Does the Bible Say That Men Must Be the Breadwinners?
- Sarah Hamaker Crosswalk.com Contributing Writer
- 2023 11 Jul
When my husband was out of work twice in a period of more than two years, we discussed whether I should go back to full-time work as the primary breadwinner of our family of four teenagers and a foster preschooler. I dusted off my resume and applied to several jobs, landing an interview at one we thought might turn out to be the answer to our prayers. But God had other plans, and my husband found full-time work before I did (and that job possibility I’d interviewed for fizzled out).
I’ve known families where the husband works, and the wife cares for the children. I’ve known families where the wife works, and the husband cares for the children. I’ve also known families where both husband and wife work full-time. In each scenario, it worked for their family and situation.
But sometimes, Christians can get stuck on stereotype roles not proscribed in the Bible. So, let’s take a deep dive into what the Bible says—or doesn’t say—about who should be the primary financial provider for the family.
What Does the Bible Say about Men and Women?
Let’s start at the beginning, where God gives man work: “The Lord God took the man and put him in the garden of Eden to work it and keep it” (Genesis 2:15, ESV). This seems straightforward enough that man was created to work, but what it doesn’t say is that man—and not women—must be the ones to bring home the bacon, so to speak.
Now we can pivot to the New Testament. Ephesians 5 is often the go-to chapter when Christians discuss who should be the provider of the family. Here are the pertinent verses (22-25, 33) from the ESV: “Wives, submit to your own husbands, as to the Lord. For the husband is the head of the wife even as Christ is the head of the church, his body, and is himself its Savior. Now, as the church submits to Christ, so also wives should submit in everything to their husbands. Husbands, love your wives, as Christ loved the church and gave himself up for her. … However, let each one of you love his wife as himself, and let the wife see that she respects her husband.”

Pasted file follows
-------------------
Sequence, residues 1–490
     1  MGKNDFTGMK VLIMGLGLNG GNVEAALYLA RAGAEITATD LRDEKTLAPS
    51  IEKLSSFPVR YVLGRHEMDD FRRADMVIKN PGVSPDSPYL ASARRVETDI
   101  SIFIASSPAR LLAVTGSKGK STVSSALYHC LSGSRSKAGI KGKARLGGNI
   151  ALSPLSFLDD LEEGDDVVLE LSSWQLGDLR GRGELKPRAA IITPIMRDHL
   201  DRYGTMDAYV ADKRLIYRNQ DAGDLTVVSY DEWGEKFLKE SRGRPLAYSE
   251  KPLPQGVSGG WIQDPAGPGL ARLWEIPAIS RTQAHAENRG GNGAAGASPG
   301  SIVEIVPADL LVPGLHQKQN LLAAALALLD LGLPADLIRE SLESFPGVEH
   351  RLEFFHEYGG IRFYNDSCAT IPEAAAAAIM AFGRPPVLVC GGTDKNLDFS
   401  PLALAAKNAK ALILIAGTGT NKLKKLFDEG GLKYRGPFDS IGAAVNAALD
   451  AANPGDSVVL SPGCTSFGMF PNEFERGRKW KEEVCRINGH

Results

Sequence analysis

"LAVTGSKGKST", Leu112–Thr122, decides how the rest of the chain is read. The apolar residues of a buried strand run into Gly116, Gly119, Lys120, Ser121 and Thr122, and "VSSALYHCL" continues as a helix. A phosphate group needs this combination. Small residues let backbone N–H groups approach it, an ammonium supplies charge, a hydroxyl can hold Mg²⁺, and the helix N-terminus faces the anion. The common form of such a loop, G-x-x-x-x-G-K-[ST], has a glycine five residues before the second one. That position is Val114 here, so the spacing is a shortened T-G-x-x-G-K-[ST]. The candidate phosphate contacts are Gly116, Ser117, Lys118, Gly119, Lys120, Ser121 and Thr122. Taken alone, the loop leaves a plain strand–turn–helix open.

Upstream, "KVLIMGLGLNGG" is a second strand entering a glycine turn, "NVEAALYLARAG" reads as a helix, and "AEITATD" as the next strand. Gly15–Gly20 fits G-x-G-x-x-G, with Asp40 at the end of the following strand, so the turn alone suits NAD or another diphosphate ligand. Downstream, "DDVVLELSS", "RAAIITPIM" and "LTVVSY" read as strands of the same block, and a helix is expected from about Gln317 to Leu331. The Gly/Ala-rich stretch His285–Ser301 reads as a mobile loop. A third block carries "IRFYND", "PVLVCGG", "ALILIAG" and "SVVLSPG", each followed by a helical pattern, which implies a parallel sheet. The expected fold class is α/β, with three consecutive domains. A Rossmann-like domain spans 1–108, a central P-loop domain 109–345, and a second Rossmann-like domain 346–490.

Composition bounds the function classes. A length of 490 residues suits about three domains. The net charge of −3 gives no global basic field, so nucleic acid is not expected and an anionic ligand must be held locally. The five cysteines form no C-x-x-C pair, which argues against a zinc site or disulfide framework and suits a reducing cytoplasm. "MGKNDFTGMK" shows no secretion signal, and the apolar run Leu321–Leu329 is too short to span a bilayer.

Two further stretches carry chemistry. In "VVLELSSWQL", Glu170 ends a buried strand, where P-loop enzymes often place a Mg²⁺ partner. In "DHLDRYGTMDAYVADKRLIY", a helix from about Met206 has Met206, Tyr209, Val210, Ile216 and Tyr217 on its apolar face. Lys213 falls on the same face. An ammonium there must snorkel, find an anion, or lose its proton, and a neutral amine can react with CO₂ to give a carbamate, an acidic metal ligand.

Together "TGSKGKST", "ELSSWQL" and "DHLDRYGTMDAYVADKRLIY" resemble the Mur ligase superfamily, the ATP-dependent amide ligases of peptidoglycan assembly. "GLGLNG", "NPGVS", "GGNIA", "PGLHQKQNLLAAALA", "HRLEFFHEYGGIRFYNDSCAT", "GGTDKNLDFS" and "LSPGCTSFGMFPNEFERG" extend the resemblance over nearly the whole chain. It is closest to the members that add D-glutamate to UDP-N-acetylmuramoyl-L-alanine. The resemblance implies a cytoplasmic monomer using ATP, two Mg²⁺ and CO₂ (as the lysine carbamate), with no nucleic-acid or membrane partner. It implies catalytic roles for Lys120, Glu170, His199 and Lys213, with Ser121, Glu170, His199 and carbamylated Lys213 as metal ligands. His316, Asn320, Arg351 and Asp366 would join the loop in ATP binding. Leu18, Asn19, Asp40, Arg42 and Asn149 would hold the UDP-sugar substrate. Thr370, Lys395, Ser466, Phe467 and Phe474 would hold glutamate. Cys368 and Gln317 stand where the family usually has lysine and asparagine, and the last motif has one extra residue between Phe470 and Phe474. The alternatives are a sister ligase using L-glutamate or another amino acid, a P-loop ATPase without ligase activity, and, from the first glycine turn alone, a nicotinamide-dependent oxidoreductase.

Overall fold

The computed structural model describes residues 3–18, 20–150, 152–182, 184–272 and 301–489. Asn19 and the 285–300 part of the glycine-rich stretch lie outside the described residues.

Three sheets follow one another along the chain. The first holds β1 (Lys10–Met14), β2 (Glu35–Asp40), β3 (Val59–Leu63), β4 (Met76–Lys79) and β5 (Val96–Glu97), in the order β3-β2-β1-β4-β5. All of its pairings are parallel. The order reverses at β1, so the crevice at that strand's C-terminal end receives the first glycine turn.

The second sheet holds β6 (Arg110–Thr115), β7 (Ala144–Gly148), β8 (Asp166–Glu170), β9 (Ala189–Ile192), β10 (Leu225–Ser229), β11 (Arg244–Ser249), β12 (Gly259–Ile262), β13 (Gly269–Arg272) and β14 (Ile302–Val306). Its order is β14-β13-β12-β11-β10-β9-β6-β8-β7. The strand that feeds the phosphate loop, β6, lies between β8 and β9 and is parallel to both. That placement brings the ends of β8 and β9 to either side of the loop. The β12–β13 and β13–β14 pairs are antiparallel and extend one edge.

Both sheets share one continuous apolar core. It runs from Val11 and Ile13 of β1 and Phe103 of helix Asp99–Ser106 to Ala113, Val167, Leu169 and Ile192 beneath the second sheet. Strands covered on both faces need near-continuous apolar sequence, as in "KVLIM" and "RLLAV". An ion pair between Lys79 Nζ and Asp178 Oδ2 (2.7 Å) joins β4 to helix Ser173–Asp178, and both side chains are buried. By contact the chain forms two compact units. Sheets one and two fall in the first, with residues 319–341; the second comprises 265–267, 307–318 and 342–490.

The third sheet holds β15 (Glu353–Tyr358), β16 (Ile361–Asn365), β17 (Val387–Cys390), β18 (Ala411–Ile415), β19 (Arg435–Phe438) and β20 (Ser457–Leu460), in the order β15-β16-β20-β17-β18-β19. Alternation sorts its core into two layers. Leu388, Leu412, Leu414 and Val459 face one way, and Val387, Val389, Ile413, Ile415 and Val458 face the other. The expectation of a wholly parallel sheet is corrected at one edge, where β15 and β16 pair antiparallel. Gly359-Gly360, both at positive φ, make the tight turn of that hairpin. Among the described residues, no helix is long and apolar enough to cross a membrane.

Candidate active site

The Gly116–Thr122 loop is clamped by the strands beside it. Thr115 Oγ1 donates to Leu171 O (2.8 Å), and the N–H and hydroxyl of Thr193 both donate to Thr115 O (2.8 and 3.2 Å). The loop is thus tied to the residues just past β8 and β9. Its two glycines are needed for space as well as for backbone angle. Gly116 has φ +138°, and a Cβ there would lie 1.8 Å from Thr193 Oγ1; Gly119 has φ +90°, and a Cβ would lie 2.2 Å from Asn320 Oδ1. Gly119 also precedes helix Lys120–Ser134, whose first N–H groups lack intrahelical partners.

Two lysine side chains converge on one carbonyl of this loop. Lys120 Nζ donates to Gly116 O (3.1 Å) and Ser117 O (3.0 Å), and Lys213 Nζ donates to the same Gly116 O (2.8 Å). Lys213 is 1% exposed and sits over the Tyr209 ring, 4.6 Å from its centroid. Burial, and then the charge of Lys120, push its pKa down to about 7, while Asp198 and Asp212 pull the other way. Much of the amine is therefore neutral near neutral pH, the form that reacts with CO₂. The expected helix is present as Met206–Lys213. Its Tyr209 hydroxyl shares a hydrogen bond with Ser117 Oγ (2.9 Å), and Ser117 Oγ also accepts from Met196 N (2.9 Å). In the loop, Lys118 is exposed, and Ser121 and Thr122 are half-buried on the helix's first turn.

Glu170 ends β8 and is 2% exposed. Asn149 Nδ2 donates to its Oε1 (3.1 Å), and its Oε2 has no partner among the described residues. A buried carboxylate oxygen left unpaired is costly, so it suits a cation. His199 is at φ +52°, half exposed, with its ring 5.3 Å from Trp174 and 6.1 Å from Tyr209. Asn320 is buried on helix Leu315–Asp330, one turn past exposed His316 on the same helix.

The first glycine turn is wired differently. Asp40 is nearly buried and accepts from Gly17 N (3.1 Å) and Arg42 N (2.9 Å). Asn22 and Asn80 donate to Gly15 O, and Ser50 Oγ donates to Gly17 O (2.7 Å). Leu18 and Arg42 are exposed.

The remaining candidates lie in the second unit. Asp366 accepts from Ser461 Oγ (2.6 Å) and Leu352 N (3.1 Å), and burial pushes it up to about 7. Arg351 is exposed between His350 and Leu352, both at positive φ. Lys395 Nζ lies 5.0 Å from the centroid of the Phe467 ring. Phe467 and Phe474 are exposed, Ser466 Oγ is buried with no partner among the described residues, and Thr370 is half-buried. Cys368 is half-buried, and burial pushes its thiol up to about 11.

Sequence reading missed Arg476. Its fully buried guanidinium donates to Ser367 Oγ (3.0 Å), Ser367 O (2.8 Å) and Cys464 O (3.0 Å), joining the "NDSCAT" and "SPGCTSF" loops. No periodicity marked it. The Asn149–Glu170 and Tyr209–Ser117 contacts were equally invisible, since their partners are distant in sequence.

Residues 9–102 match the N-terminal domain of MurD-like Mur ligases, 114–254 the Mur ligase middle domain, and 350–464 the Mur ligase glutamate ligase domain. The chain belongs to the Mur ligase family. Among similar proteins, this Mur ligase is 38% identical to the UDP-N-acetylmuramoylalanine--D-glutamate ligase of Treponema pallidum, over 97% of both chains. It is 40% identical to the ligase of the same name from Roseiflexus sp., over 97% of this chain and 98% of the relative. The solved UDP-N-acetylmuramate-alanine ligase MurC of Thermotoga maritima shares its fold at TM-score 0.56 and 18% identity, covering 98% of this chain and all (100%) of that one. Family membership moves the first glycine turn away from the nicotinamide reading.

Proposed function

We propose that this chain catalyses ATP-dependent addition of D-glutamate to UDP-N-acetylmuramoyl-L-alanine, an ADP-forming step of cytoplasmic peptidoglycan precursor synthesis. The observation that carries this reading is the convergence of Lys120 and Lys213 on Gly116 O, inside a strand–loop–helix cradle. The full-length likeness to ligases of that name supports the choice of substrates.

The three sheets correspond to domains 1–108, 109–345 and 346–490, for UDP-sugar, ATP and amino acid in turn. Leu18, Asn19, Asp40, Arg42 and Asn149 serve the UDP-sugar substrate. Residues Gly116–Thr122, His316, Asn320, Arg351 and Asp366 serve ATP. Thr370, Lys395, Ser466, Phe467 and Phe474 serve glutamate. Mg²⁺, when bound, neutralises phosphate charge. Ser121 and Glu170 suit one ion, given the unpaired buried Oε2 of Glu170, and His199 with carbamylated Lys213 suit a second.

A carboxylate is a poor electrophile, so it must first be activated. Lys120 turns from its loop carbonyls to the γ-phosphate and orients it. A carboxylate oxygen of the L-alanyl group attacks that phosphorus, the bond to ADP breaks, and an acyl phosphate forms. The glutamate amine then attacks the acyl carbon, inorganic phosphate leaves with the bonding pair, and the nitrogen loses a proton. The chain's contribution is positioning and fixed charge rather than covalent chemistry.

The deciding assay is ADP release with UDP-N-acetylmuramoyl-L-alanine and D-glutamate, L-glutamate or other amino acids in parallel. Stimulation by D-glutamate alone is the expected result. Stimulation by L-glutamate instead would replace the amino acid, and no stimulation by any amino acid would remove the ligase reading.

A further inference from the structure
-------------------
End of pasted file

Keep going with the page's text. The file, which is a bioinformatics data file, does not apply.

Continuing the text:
This passage clearly states the husband is the head of the home, with the wife submitting to his headship and the husband loving his wife as Christ loves the church. Paul also emphasizes this in 1 Corinthians 11:3: “But I want you to understand that the head of every man is Christ, the head of a wife is her husband, and the head of Christ is God” (ESV). But in neither of these two passages is Paul saying definitively the husband must be the breadwinner in the family. The husband can be the head of his family and not provide financially.